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Tiny Violences at A Year
Reflections & A Rundown
It’s crazy how time works. Hours seem to drag by but weeks and months, are harder to grasp because of the pace in which they seem to speed by in a blur. It’s been a year of this Tiny Violence’s experiment. When I applied for the Joel Gay Creative Fellowship over a year ago, I was prompted by three friends who believed Substack could be a place for some of my open ended, episodic writing. But I didn’t think so. At the time, I was in my final semester of a rigorous graduate MFA program (for such I have been awarded a degree and a very fancy credential) and coming face-to-face with being Black, Queer, Thirtysomething and stylish in a program, desiring a writing “community,” that was/is very much not that. It was a void, accompanied by a grief – like perhaps mourning a parent who has died before you are born, or life that could have been lived if not for a fateful choice made in the final hour. A lot of possibility lost to the ether. It felt as if this new adventure, this journey closer to myself, was siloed. Ideas in an echo chamber.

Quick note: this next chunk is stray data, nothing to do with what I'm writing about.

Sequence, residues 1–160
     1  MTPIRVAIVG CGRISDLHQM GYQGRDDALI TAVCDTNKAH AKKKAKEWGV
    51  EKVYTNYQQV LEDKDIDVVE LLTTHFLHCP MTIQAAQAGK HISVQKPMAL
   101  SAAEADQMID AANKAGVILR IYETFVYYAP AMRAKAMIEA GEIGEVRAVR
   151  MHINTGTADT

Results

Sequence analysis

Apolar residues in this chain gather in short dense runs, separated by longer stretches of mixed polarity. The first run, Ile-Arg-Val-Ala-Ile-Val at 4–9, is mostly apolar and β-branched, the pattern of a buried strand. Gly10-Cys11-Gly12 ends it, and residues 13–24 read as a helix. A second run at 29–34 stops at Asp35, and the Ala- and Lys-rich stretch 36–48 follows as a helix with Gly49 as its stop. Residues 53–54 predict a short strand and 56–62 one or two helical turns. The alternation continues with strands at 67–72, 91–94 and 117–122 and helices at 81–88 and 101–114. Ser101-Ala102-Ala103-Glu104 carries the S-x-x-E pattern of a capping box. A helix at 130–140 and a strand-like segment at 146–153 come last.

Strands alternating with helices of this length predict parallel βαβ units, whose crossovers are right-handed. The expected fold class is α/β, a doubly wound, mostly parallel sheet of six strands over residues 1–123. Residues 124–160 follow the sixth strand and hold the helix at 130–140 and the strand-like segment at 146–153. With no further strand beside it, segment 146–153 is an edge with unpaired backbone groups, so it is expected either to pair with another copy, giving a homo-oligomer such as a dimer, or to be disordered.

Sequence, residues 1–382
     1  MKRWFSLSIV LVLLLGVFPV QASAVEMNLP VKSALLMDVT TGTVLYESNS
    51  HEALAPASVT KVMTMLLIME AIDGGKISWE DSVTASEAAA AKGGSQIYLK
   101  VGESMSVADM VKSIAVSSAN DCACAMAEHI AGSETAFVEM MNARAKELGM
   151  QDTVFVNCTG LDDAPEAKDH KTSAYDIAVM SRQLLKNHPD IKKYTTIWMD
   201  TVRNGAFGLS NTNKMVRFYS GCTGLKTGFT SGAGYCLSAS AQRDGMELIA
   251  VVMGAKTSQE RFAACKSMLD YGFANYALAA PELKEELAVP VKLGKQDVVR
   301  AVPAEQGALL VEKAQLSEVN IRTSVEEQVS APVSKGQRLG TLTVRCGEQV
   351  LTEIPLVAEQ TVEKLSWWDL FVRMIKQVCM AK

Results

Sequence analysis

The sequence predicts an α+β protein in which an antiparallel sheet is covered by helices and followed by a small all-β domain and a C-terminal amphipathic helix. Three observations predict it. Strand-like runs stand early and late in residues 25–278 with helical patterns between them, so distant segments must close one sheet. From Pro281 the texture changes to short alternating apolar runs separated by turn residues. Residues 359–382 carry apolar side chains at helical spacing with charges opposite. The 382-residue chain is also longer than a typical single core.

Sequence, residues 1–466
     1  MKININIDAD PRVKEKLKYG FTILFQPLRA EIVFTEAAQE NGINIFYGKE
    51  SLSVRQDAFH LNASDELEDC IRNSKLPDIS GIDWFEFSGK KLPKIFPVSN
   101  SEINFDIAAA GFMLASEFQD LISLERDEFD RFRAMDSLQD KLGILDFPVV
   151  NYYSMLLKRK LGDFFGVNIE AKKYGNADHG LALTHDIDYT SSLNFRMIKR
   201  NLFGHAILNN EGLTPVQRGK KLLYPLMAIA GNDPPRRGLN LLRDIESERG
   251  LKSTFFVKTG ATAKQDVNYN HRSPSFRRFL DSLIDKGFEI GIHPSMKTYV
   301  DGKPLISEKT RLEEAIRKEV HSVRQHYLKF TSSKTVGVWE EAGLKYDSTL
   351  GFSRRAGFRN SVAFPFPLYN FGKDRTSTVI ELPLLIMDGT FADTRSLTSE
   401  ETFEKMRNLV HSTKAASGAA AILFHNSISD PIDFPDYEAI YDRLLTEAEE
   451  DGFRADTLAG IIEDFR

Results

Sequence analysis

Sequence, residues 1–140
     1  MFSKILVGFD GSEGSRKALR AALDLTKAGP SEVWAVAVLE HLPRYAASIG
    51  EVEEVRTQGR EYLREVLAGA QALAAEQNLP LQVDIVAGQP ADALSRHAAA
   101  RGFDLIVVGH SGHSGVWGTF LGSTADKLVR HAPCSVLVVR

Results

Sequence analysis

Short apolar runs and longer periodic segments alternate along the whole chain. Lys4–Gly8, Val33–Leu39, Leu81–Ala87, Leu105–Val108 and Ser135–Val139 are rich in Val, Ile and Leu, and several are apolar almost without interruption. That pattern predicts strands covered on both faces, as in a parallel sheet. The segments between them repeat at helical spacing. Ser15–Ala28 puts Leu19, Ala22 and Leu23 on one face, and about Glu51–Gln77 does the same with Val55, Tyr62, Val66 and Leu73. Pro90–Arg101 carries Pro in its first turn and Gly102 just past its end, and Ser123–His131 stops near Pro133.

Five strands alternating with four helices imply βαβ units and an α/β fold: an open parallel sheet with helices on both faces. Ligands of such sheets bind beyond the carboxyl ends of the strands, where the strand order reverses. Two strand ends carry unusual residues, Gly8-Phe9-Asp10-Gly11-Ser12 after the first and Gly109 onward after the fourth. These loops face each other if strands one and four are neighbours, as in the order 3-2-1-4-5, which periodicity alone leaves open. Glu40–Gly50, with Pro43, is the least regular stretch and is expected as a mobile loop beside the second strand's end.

I had denied the importance of how it felt having writers in proximity whose work I loved and whose point of view I valued and. My professional foray into writing began just as the world was shuttering itself and shifting towards a present that frankly I’m shocked to be living in, all due to the massive outbreak of COVID-19. It was easier, the writerly isolation, at first because the first three semesters were online – but also I didn’t want to confront that fact that a) the white gaze is as pervasive as it is perverted and pesky and b) an institution would not be where I would find family who could see and appreciate what I decided to share in my nonfiction essays. Still, I was determined to make my mark: and I did. And I made a few lovely friends who are wonderful writers that are deeply encouraging and inspiring.
The ideas I had, that I thought through, that I chose not to engage with in the forum of the workshop—fragmentedly became the basis for my proposal to the contest, and I felt good about what I submitted. This feeling is rare. I applied, and having met Dr. Gay a few months before, hoped she would remember and like my voice enough to welcome me into the program. And to my shock, alongside the two other fellows, who are impressive writers, I/we made it. All of us people of color navigating the discouraging scripts in our minds and the worlds around us that question our authority.
When I got the news of my acceptance, I was in midst of a tornado of rejections. Rejection, I am learning, is evidence of my making works and of my life of writing, a reality that was never fully displayed to me, but one I understand better now. The idea of a newsletter, though it felt vague, and the platform completely new to me, was a glimpse towards a possibility. One where I could engage with a community of readers and writers who might care about what I have to say. Folks who were equally concerned about the politics of craft and the urgency of story.